Tag Archives: social media
I commented on someone’s blog once that had Facebook been around while Zuckerberg was in school on that fateful night when his girlfriend broke up with him, instead of going back to his dorm and creating what later became Facebook, he would have gone back to his dorm, logged onto Facebook, maybe posted some nasty things but probably wouldn’t have created anything. He wouldn’t even had needed to blog about it. A vehicle for his coed hotness comparison campaign would have already been there, all of their pics would have already been in front of him, and a way to reach all of his “friends” would be a click away. (All of this is based on the movie, The Social Network, by the way.) When I suggested this, the blogger disagreed, saying that Zuckerberg may have created something else. While that may be true, especially given Zuckerberg’s immense talents, for most people it is not.
I have a teen son. He’s quite a good student, an honor student, actually, and has plenty of extracurricular activities. But when he’s free he logs on Facebook or plays video games, and probably finds other things to look at online . . . but I digress . . .
After our shared laptop was serviced and consequently wiped clean of all software, I asked my son to reinstall Word and the printer’s software. After all, he hogs that computer the most (and I actually wanted to see if he would do it). He didn’t. I realized later that he didn’t know how, and lost interest in trying to figure it out, because, in the meantime, Facebook and school websites were still accessible. When he needed to print something, instead of installing the software he simply printed it from a different computer.
In the end, I installed the software. Pain in the butt, but certainly do-able.
So here’s a teen boy –and according to the GoDaddy Superbowl commercial, we know that it’s the boys who are computer smart, but I digress (and gag) . . . here’s a teen boy, my oldest child, who didn’t have the patience or immediate need to figure out software installation, yet he spends hours on the computer.
Has my son ever built a website for fun? I think not. Oh, he’s quite comfortable finding his assignments and teacher’s notes online, researching, and posting and emailing school papers to the appropriate people, but he doesn’t try to create much, except when he finds something funny to put on his Facebook page or Facebook group. In other words, he’s proficient at communicating over the internet, but not creating or problem solving.
Unlike Zuckerberg, who said, what if we made this . . .
It makes one wonder.
If there was no Facebook or the like as a ready-made distraction, would my kid would have taken an extra fifteen minutes to click– next, continue, next, continue and gotten a sense of satisfaction from “Congratulations, Software Installation Complete.”
I don’t know, but I do know that he does take great satisfaction in the number of “likes” he’s received on a recent photo of himself that someone else took and posted on Facebook. And I recently became aware that he doesn’t even think to empty his recycle bin — an omission that caused him some embarrassment, by the way.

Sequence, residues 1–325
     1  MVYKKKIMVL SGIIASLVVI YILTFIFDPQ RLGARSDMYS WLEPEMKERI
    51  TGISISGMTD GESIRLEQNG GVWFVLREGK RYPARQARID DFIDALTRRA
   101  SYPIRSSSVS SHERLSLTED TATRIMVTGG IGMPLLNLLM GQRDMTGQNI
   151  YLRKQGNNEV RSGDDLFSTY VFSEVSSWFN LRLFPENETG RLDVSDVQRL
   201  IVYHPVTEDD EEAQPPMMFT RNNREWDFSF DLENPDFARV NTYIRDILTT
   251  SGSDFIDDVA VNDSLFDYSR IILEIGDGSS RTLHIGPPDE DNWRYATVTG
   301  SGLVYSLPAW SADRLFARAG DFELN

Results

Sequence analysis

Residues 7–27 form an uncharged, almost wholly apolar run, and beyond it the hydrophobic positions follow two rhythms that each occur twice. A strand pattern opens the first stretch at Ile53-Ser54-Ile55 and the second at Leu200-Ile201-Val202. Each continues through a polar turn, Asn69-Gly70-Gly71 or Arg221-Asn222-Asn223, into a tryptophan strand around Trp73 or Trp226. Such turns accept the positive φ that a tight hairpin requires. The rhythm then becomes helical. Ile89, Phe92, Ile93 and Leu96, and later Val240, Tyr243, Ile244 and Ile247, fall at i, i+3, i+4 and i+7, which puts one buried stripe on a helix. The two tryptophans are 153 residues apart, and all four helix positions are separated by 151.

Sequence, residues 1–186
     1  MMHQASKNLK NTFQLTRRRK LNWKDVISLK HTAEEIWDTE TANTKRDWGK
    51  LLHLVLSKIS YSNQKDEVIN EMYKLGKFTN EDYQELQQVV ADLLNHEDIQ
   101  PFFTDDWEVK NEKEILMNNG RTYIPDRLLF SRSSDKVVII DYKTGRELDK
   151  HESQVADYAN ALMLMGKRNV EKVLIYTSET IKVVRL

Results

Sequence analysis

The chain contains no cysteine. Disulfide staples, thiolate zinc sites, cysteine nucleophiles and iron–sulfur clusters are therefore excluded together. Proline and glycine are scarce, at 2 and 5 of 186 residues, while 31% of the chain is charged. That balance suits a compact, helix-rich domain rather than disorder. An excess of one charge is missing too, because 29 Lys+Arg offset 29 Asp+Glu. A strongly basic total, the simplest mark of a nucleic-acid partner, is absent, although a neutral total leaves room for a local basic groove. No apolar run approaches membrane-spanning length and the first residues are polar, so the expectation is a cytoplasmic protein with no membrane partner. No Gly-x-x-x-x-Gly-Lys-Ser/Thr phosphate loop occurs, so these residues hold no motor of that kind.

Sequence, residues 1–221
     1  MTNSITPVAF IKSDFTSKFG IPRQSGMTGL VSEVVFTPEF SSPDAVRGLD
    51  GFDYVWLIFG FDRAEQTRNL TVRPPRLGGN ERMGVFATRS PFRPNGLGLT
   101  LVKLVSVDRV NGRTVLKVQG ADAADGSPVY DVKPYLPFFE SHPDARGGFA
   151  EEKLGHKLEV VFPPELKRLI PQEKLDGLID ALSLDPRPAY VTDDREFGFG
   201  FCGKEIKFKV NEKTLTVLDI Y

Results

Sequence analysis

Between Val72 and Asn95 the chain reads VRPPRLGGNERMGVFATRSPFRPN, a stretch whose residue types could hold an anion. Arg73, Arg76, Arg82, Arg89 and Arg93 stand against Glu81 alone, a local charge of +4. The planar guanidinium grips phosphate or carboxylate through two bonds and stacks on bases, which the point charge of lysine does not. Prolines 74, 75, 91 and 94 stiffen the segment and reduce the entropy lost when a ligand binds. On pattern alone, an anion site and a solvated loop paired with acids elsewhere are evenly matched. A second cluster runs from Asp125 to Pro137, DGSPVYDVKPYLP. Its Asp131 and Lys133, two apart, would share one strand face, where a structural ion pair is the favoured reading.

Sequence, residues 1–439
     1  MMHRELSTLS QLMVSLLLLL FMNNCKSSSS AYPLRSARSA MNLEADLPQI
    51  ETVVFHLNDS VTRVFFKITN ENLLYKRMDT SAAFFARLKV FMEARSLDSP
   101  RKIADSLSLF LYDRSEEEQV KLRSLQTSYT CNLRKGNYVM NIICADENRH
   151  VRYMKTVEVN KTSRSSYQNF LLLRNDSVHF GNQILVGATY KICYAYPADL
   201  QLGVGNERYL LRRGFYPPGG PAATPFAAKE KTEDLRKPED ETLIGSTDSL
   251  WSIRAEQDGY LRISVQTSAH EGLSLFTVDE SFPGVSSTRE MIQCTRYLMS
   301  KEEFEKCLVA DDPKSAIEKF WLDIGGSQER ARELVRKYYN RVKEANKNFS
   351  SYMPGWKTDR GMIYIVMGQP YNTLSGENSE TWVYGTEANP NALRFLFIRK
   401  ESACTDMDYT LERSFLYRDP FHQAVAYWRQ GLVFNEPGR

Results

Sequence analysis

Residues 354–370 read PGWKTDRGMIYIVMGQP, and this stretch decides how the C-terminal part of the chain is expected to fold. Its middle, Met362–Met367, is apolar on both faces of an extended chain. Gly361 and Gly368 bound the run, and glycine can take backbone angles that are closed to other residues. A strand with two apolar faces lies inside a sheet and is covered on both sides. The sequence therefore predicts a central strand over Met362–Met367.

Years go it seemed somebody usually knew a kid who could fix your computer when it crashed or edit or back-up your family photos and videos, or find a document that you mistakenly deleted. Now, it seems — not so much. I guess there’s no need to be comfortable with basic computer maintenance or programming when the internet works — or you can just log onto another computer, or phone or tablet.
The Zuckerberg’s of today might have a bad date, go home, spend a few hours on Facebook (instead of creating it), maybe watch a movie on Netflix, and go to bed.
I suspect when my kid gets his heart-broken for the first time that’s what he’ll do.
I’d rather he write a song.
Just Me With . . . software installation complete, no thanks to the youth of today.
Next time I’ll get one of the girls to do it.
The Olympics are upon us. Soon I will cry in support of the accomplishments of the athletes, and I will shout at the screen at their defeats, and I will silently wish it was me — on the track, in the water, on the mat. Sadly, however, the activities at which I excel are not on the roster of Olympic events.
But, if they were . . . I could surely medal in . . .
1. Car tweeting.
I live in a small house with five nosy children in double digits of life. We only have one bathroom. They use my bedroom as a lounge. I live on a busy street in front, fishbowl alley in back. No privacy. But I enjoy Twitter and if I want any time to discreetly exchange pleasantries or profanities with my friends who live in my phone, I sit in my car. It’s kind of like making out in a car in high school because there was nowhere else to go. But now I’m alone in my car or, alternatively, I’m with my fluctuating number of Twitter followers. Either way, I am a master of the car tweet. Ask my Tweeps.
I don’t know what I’m going to do when my oldest gets his driver’s license . . . and a girlfriend. I won’t do well sharing my car time.
2. Ex avoidance.
I am Ninja Ex. I’m here, I’m there, I’m everywhere — for the kids. But when the Ex is around, I can get in and out like a whore at a baptism. It really is quite impressive. It was a skill I learned from practicing law, where the most important part of an adversarial meeting is actually getting out of the building without having your client endure sharing an elevator with his or her opponent. A well-timed bathroom break does the trick, or simply quietly walking away without looking back, like Jason Bourne. As Ninja Ex I know the fastest exits from the school parking lot and where to enter a playing field or concert hall, choose the best spot to cheer on my children and be seen by them, yet remain out of the Ex’s eye-line, should he happen to appear. I send the kids out for his visits and he returns them to me yet I — remain — unseen.
Batman ain’t got nothing on me.